Finding a Latvian dish to cook was not an easy task. We had Ash’s family staying with us and our initial plan was to make something Latvian for dinner. The problem was, we couldn’t find anything that really appealed to us. Our Lonely Planet Travel book suggested piragi, which it described as meat pasties baked in the oven, and that sounded promising until we realised that it was little more than a bacon roll and more of an appetiser than a main course. We were intrigued by a dish of grey peas with bacon, but we weren’t confident of finding grey peas, so that was out too.
Then we turned to the ever-trusty Global Table Adventure where we discovered a recipe for Latvian apple pancakes. Perfect! We had a recipe, we could make it for our guests for breakfast, and we could have boeuf bourguignon for dinner instead of grey peas. Continue reading
Regular readers may have noticed that we’ve been AWOL for a few weeks. When this has happened in the past, it’s been for exciting reasons like exotic holidays or that small matter of our wedding. Whilst we do have another reception coming up in 11 days (eek), that actually has nothing to do with our prolonged hiatus. You could also assume that Ash’s dislike of coconut might have led to a deliberate delaying of cooking this coconut-heavy Niuean dish, but the reason is even less interesting than that. Ladies and gentlemen, we can reveal that we have not made an international dish since 17th September because…. we were waiting for papayas to ripen.
We found (to Ash’s dismay) that Niue’s national dish is takihi, a dish involving only three ingredients: papaya, taro and coconut cream. Our immediate reaction to this was that it must be a sweet dish, so we went out and bought some papaya and eddoes (substitute for taro) with the intention of making it for dessert. Unfortunately, only green papayas were available at our local market, so on Greengrocer Google’s advice, we sat back and waited a few days for them to ripen… and waited… and waited… Then, on Sunday night, we decided we’d had enough of waiting: it was time to get it over with. Continue reading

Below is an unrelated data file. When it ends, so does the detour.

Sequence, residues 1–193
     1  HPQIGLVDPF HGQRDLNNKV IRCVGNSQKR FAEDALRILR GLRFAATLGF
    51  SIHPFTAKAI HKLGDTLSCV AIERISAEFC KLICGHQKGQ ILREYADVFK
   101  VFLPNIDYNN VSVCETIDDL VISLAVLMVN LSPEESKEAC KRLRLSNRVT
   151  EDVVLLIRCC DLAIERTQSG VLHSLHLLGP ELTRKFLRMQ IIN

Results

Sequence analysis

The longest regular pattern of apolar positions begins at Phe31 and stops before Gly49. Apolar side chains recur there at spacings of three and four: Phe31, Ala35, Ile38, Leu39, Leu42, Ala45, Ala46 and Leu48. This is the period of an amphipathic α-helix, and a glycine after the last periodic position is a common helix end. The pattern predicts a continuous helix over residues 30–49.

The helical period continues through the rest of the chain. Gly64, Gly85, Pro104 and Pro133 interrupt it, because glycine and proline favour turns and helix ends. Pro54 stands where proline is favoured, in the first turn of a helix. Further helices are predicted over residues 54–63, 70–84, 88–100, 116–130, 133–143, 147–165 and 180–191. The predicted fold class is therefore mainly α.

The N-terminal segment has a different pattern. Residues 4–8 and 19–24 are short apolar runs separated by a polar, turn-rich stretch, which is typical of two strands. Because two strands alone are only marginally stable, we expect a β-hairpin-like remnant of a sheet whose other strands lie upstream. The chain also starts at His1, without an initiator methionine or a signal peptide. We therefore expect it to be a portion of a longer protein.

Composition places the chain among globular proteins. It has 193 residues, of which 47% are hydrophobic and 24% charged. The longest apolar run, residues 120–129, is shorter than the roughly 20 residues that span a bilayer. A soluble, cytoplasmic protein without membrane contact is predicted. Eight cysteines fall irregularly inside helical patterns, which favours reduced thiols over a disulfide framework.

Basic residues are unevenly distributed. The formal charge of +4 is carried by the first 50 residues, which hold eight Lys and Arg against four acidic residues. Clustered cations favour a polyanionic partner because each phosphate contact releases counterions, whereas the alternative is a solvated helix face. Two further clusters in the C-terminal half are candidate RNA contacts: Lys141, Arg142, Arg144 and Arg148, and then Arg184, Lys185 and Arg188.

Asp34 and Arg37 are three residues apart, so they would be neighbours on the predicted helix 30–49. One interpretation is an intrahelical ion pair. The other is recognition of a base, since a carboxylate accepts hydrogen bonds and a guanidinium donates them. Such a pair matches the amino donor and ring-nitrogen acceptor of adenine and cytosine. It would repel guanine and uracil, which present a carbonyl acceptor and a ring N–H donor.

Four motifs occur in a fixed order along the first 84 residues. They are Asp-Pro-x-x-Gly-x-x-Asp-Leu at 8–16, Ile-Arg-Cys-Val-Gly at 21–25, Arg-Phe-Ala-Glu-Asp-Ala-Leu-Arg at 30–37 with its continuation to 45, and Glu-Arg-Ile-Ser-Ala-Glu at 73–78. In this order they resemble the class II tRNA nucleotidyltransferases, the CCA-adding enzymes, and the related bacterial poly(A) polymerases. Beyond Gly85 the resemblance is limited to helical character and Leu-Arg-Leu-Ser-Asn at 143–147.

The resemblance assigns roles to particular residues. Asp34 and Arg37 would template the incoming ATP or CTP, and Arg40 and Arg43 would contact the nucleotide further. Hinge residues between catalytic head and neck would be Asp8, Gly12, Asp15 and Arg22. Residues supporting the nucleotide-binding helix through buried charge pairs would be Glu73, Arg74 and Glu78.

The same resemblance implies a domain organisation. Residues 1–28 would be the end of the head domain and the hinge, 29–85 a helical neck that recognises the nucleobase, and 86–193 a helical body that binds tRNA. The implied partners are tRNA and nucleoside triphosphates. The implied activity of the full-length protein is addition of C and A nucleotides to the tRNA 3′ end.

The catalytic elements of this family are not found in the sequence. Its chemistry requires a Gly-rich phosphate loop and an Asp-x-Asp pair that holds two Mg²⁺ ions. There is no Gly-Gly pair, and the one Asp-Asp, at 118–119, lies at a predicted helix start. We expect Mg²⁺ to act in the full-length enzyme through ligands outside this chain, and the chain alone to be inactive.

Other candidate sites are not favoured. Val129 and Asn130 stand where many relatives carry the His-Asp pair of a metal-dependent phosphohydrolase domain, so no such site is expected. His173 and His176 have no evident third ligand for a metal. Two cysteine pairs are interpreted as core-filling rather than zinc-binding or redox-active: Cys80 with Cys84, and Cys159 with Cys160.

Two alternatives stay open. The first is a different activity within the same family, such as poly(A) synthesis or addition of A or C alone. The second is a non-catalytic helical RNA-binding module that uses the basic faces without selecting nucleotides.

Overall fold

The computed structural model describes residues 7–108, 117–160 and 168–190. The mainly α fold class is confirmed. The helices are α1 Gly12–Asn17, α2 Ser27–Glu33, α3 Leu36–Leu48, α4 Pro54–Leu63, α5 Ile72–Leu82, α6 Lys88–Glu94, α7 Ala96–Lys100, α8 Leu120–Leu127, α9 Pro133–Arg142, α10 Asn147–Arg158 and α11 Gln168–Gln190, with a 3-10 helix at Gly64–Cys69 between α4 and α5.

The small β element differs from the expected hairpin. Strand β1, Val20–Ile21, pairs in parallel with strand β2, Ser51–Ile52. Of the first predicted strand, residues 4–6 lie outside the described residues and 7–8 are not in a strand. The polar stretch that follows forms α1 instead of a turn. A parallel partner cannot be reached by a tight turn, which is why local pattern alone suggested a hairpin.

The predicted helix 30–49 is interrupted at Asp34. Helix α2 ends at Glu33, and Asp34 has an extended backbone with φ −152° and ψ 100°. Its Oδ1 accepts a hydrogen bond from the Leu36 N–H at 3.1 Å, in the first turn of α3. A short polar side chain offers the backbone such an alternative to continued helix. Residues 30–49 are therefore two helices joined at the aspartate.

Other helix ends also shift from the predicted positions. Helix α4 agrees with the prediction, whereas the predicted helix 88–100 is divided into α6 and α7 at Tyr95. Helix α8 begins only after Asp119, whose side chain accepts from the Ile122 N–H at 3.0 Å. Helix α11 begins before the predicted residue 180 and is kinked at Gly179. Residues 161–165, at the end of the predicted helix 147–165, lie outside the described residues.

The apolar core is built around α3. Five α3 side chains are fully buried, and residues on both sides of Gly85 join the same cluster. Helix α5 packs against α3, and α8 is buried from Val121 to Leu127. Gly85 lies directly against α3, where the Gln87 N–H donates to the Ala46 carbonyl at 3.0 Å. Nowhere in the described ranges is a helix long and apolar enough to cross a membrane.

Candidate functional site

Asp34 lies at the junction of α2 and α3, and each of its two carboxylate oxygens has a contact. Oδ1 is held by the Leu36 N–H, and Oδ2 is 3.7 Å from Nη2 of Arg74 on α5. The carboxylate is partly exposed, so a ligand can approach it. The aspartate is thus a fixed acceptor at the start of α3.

We’ve had a brief hiatus but we’re back on our culinary journey and have reached Switzerland. (Top marks to anyone who is thinking, ‘Hang on, they said they’d be going to Poland next.’ If that’s you, you’re quite right, but we’ve changed the route for a variety of fairly boring reasons. So, Switzerland it is.)
Switzerland is somewhere that reminds you on first glance just how beautiful this world is. Miranda visited Interlaken and Basel in 2007 and was struck by the fact that all you need to do is look out the window and you’re faced with majestic mountain scenery and a whole spectrum of vivid blues in the sky and the water. Walking around in that country – Interlaken in particular – could certainly never be boring. And then there’s Europe’s highest point just around the corner to add even more of a sense of wonder.
In terms of food, Switzerland must be most famous for its chocolate and its cheese. Toblerone, Lindt, fondue and raclette all scream ‘Switzerland’ as loudly as that cartoonish cheese with the holes in it (also known as Emmental) does. However, for our Swiss dish we’ve opted for an equally well known but perhaps less obvious traditional delicacy: Bircher muesli. Continue reading